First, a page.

New Findings on How Glatiramer Acetate Works for Multiple Sclerosis


Patients with the relapsing-remitting form of multiple sclerosis have shown improvement with glatiramer acetate. Although it is unclear exactly how the drug works, recently published research has shed light on the ways in which glatiramer acetate affects B cells.

Patients with the relapsing-remitting (RRMS) form of multiple sclerosis (MS) have shown improvement with glatiramer acetate (Copaxone/Teva). But researchers are still uncertain exactly how the drug works.

In research published online Sept. 29 in Jama Neurology a University of Texas Southwestern Medical Center team in Dallas, TX, reported on the ways in which glatiramer acetate affects B cells in these patients.

Nancy Monson, PhD, and colleagues looked at cell samples from 22 patients with MS who were receiving treatment with glatiramer acetate, 22 RRMS patients who were treatment naïve, and 15 healthy controls. They found that glatiramer acetate therapy affects several aspects of dysregulated B-cell function in MS. These changes “may contribute to the therapeutic mechanisms of glatiramer acetate,” the team wrote.

The B cells of patients with RRMS lose the ability to produce the regulatory cytokine interleukin 10. The question for the team was whether glatiramer acetate would normalize cytokine production.

They found that the therapy affects B-cell function but that “the exact contribution of B-cell-derived cytokines in MS is not clear.” The researchers said they suspect that the drug affects the pathway of B-cell activation.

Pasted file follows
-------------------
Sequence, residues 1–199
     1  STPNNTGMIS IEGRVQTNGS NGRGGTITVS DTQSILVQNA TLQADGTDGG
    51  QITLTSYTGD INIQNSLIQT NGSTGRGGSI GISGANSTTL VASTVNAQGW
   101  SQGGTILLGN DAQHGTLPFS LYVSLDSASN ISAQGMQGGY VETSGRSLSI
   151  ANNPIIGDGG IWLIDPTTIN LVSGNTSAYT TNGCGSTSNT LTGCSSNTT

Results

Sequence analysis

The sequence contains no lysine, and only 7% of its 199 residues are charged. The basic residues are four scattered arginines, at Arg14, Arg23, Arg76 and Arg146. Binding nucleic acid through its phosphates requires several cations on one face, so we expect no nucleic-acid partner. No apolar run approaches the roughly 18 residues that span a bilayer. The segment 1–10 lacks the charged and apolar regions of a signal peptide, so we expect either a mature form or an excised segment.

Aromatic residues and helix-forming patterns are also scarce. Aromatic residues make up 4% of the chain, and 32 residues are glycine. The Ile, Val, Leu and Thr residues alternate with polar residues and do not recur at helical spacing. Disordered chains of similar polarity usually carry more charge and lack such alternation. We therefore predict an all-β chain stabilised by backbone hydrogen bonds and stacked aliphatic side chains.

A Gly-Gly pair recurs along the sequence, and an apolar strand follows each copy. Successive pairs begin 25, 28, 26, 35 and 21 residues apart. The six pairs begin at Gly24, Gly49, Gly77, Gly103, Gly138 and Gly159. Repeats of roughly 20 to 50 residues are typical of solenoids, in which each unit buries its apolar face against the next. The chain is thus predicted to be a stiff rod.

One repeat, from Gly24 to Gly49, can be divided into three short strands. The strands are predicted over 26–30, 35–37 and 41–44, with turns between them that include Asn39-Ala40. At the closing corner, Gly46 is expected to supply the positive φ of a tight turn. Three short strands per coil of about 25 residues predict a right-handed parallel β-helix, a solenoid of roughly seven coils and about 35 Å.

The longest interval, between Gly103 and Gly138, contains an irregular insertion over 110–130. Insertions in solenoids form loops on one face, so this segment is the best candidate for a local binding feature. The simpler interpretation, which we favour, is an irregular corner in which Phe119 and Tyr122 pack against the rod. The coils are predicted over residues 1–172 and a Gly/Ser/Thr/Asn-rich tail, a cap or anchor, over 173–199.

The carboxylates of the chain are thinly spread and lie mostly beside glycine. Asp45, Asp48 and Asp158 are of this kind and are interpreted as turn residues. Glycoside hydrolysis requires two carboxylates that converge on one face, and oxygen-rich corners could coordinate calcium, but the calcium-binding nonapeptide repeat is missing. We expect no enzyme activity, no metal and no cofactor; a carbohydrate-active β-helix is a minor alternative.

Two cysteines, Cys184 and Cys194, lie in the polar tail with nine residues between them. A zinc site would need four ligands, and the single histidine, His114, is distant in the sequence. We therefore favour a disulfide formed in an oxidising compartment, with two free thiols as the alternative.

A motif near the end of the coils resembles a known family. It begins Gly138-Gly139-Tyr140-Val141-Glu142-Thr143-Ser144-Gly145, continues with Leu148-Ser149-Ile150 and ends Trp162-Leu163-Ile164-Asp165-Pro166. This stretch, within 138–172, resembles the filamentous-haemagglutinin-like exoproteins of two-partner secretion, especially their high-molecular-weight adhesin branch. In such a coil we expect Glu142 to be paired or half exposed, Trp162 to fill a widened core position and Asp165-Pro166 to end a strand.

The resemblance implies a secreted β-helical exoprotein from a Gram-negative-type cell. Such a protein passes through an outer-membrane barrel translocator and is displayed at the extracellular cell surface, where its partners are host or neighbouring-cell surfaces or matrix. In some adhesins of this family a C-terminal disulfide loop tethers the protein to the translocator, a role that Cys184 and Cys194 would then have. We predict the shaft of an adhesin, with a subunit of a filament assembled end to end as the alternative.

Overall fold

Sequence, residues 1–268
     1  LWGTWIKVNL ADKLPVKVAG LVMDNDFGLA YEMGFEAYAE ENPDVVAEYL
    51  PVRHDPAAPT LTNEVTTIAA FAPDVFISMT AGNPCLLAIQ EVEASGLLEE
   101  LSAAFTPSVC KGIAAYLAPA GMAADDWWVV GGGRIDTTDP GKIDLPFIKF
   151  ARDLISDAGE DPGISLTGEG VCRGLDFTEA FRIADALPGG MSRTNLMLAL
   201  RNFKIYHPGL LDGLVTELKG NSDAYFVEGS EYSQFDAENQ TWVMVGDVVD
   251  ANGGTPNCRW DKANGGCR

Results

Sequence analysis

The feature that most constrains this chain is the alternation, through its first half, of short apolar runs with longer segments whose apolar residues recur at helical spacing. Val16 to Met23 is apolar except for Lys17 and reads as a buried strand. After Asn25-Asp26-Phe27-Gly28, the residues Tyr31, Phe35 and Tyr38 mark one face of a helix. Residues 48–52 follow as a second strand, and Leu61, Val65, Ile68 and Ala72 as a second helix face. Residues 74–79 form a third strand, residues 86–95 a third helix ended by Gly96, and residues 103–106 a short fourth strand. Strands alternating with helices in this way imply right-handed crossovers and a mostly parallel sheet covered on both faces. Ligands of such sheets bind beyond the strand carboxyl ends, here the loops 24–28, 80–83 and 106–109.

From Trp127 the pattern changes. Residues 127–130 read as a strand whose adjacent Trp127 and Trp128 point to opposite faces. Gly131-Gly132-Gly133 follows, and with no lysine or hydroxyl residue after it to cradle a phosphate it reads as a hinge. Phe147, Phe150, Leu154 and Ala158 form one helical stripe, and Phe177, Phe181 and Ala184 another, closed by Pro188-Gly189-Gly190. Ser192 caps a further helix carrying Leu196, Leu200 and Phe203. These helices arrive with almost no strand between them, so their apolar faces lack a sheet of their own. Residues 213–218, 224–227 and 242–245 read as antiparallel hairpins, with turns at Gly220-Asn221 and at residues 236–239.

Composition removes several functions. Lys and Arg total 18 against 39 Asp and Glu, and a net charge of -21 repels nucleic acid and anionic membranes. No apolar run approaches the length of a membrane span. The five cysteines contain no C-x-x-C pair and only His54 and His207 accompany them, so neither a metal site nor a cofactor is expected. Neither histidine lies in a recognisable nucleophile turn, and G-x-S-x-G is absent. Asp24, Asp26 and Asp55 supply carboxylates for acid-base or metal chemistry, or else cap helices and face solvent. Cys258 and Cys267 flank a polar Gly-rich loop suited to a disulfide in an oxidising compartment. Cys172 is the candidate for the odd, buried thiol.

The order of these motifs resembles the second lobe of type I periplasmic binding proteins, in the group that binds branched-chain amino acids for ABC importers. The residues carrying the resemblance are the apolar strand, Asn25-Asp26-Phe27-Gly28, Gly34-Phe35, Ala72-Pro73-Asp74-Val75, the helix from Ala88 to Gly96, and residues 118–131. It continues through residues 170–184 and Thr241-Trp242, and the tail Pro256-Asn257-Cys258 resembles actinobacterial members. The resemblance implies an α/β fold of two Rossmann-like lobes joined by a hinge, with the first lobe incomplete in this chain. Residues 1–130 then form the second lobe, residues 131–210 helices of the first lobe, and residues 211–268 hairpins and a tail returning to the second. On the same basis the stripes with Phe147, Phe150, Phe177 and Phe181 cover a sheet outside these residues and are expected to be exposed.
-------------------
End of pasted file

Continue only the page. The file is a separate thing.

“It stands to reason that glatiramer acetate therapy may alter pathways that are important for integrating these activation signals and other key immunologic genes that are modulated by glatiramer acetate therapy,” they wrote.

Additionally, they believe that glatiramer acetate therapy modulates B-cell responses to the protein CD40L, a key player in immune response.

In the study, they found that when B-cells were cultured with low-dose CD40L, “B-cell proliferation from the healthy donors, treatment-naïve patients, and glatiramer acetate patients were not significantly different.” But when high-dose C40L was used in the culture, B cells from glatiramer acetate and treatment-naïve patients proliferated significantly less compared with those of the healthy donors and treatment-naïve patients. The B cells from patients getting the drug were less responsive to the high-dose CD40L, however, suggesting these patients may have a defect in their ability to respond to high-dose CD40L.

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